Now, as we’re closing the book on civilization as we know it, yes, let’s talk about how we can increase the production and use fossil fuels; let’s serve up divisiveness, hate and fear at a time when unity and courage are needed; let’s get guns into the hands of every possible frightened and hate-filled person so we can up the ante on the chaos to come; let’s talk about gutting government – the only force capable of mounting a coherent response to this unfolding tragedy.
That’s the real Republican platform.
Democrats?  They don’t even have a platform. To the extent they do, it seems to be “We’re not quite as bad as them.”
And the press?  They’re busy hammering away at the Epilogue.


Anonymous said...


I believe the situation is far worse than you have depicted. When a significant amount of open water appeared in the Arctic, there was a 'sea change'. A number of positive feedback elements came into play that the presence of significant ice cover had kept in check. More solar absorption rather than reflection, increased temperature differential to drive stronger cyclones, increased transfer of mass, momentum, and energy across the atmosphere-ocean interface to energize the quiescent ocean, increased methane release, etc. It was as though Nature had pulled out all the stops to accelerate melting of the ice cap. This is nonlinear dynamics in operation, and means the past will be an extremely conservative predictor of the future. And, essentially all the feedbacks go in one direction only, so expecting the worst is actually the most realistic.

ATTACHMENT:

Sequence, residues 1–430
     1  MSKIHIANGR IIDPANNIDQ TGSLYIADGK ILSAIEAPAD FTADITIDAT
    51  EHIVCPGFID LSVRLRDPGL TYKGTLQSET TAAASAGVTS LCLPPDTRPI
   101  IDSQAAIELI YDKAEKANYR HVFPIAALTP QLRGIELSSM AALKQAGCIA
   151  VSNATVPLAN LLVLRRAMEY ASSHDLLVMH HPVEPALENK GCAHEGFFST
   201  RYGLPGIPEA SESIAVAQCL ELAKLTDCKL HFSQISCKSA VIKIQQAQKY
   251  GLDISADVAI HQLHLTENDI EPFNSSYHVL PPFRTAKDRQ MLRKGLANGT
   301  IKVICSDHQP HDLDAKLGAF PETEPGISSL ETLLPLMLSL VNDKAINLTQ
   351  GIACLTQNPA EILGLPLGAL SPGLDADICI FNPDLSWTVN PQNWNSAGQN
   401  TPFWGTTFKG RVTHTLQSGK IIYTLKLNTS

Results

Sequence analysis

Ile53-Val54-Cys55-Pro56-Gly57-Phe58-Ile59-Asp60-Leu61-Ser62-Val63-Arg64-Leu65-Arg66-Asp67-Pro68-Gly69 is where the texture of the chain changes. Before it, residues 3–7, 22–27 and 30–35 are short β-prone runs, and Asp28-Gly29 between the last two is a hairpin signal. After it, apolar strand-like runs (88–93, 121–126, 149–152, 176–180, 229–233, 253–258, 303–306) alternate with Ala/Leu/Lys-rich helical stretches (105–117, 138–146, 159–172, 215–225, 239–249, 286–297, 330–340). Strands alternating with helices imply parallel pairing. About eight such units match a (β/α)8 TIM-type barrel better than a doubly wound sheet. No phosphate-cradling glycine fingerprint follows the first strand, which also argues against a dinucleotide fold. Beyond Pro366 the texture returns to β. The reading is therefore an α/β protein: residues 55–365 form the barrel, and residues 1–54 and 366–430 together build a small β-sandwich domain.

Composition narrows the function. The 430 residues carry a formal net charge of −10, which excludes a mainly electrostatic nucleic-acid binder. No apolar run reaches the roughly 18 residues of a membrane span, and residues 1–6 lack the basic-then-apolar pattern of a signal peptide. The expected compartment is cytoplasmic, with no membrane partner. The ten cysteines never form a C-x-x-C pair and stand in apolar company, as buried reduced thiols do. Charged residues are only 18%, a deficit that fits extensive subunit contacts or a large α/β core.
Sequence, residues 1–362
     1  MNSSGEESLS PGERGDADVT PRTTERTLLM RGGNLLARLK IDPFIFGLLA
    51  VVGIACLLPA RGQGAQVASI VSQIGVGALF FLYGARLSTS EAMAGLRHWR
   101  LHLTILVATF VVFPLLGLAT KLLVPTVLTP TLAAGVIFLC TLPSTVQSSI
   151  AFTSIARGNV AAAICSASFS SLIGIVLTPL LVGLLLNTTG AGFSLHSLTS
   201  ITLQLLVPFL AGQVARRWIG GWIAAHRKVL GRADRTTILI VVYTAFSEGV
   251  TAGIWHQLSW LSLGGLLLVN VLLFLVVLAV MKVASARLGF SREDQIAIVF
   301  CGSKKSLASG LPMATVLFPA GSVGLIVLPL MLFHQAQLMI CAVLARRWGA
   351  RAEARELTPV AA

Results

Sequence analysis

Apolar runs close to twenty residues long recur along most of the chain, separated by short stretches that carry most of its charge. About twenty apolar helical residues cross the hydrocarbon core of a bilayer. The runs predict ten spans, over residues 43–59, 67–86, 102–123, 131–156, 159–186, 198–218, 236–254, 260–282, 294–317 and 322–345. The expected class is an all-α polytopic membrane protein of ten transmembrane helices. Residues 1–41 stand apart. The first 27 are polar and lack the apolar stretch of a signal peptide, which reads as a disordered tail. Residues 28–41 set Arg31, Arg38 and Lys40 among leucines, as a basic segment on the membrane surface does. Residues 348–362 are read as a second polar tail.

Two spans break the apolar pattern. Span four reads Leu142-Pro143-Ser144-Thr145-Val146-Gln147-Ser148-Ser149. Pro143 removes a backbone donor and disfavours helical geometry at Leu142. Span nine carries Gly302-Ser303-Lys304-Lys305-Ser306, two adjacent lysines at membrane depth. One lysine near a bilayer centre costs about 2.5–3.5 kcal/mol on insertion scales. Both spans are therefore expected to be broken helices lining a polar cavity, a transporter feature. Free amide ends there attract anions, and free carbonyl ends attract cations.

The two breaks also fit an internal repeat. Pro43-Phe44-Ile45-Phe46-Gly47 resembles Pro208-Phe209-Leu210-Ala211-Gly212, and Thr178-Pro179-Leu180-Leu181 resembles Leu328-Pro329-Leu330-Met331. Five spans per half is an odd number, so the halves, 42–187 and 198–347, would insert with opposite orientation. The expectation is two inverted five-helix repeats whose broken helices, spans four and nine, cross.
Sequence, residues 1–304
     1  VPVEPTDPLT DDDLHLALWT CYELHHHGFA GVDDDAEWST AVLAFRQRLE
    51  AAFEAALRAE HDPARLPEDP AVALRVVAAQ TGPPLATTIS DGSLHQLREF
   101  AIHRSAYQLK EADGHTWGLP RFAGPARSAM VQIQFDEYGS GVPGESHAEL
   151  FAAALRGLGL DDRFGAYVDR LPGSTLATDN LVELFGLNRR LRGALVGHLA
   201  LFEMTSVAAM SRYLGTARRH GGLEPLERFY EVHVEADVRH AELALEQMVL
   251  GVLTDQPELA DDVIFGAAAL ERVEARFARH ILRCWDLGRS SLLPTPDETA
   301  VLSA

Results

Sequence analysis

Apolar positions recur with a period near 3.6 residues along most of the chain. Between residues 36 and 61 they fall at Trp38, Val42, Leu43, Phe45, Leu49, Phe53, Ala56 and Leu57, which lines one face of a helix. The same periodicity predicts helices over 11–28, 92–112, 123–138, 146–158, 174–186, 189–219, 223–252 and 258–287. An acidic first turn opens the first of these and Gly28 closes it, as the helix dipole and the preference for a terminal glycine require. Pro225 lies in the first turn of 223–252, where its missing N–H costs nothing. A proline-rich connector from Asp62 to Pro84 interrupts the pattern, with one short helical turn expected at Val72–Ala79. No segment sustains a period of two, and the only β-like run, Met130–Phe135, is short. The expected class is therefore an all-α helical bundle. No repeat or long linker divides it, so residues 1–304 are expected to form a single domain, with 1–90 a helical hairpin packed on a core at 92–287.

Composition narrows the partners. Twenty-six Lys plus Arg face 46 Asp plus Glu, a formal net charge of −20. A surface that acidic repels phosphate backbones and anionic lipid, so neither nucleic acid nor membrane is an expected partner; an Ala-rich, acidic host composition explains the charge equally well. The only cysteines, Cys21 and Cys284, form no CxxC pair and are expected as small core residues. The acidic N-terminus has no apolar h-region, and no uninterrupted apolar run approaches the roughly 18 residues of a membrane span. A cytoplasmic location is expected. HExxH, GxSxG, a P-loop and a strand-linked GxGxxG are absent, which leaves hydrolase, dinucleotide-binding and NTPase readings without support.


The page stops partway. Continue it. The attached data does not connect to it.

Kevin Anderson, ex-Director of the Tyndall Centre, Britain's leading climate research institute, and presently a Professor at University of Manchester, wrote some recent papers and gave the following presentation